In NLP, sensory systems have much more functional significance than is attributed to them by classical models in which the senses are regarded aspassive input mechanisms. The sensory information or distinctions received through each of these systems initiate and/ or modulate, vianeura linterconnections, an individual's behavioral processes and output. Each perceptual class forms a sensory-motor complex that becomes "response-able" for certain classes of behavior. These sensory-motor complexes are called representational systems in NLP.

Each representational system forms a three part network: 1) input,2)representation/processing and 3) output. The first stage input, involves gathering information and getting feedback from the environment (both internal and external). Representation/processing includes the mapping of the environment and the establishment of behavioral strategies suchaslearning, decisionmaking, information storage, etc. Output is the casual transform of the representational mapping process.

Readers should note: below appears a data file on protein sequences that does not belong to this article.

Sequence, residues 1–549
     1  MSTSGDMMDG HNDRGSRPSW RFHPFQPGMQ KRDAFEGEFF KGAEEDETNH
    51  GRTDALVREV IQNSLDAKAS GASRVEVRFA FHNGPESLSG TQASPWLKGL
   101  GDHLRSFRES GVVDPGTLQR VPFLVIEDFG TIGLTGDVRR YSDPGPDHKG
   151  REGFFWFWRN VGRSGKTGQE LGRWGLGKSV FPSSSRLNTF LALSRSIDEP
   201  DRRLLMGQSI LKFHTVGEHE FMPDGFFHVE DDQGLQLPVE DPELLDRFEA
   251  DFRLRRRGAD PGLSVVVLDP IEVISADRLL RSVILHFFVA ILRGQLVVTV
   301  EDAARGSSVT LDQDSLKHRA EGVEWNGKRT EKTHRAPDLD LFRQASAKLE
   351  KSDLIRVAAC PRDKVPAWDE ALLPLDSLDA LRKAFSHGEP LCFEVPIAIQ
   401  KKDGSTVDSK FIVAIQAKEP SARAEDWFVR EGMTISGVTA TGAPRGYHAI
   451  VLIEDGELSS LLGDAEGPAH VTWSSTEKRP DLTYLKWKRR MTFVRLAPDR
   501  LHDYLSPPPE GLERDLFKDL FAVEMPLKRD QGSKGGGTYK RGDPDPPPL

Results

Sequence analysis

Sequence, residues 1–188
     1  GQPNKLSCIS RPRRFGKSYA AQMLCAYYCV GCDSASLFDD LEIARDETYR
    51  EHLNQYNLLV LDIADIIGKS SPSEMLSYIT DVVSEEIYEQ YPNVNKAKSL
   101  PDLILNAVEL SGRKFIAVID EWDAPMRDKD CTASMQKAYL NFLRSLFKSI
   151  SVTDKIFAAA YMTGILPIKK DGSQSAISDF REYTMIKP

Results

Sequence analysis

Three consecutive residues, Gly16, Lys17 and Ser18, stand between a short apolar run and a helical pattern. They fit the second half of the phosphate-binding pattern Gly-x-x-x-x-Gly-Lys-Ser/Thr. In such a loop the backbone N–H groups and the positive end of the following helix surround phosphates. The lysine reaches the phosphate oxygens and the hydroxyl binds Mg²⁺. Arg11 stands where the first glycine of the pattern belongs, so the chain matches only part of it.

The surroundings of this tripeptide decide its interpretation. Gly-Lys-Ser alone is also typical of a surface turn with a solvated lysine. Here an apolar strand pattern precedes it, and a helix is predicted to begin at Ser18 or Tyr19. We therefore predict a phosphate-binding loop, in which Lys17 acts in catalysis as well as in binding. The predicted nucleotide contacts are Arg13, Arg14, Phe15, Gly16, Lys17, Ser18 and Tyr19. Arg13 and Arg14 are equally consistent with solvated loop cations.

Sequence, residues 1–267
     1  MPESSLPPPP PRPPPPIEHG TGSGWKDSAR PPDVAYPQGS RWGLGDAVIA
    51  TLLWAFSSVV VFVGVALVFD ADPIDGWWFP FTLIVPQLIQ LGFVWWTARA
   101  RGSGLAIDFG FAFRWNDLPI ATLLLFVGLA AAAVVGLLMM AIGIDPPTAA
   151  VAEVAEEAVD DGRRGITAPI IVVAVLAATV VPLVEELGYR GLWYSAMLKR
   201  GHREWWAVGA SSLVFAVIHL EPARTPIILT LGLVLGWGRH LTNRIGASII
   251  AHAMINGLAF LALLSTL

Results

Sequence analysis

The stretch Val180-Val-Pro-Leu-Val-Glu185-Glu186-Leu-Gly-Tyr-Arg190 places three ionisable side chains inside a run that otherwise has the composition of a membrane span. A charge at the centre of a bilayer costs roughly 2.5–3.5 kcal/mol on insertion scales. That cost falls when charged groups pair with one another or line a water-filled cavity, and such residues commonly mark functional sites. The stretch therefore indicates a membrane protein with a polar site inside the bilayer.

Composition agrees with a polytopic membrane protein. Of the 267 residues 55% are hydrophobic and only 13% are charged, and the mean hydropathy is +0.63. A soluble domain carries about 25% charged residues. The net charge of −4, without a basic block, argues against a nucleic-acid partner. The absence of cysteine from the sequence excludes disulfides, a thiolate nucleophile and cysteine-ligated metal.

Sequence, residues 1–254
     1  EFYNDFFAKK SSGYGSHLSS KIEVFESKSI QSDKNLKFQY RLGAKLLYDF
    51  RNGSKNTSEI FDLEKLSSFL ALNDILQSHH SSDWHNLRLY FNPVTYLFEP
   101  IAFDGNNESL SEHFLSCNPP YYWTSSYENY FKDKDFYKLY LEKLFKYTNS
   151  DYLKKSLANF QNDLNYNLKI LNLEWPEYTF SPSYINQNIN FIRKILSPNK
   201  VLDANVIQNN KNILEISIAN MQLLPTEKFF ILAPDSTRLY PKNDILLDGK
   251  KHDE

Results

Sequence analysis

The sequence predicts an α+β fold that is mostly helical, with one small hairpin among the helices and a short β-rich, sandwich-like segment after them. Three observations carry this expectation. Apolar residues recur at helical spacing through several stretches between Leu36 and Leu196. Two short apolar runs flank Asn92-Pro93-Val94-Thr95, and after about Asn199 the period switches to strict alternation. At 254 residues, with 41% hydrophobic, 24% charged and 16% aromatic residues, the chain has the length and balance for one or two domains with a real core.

"Behavior" in neurolinguistic programming refers to activity withinany representational system complex at any of these stages. The acts of seeing, listening or feeling are behavior. So is "thinking," which, if broken down to its constituent parts, would incl sensory specific processes like seeing in the mind's eye, listening to internal dialogue, having feelings about something and so on. All output, of course, is behaviorranging from micro-behavioral outputs such aslateral eye movements, tonal shifts in thevoice and breathing rates to macrobehavioral outputs such as arguing, disease and kicking a football. 


引用:Neuro-Linguistic Programming: Volume機The Study of the Structure of Subjective Experience

Neuro-Linguistic Programming

John Grinder
Richard Bandler
Robert Dilts
Judith DeLozier
Meta Publications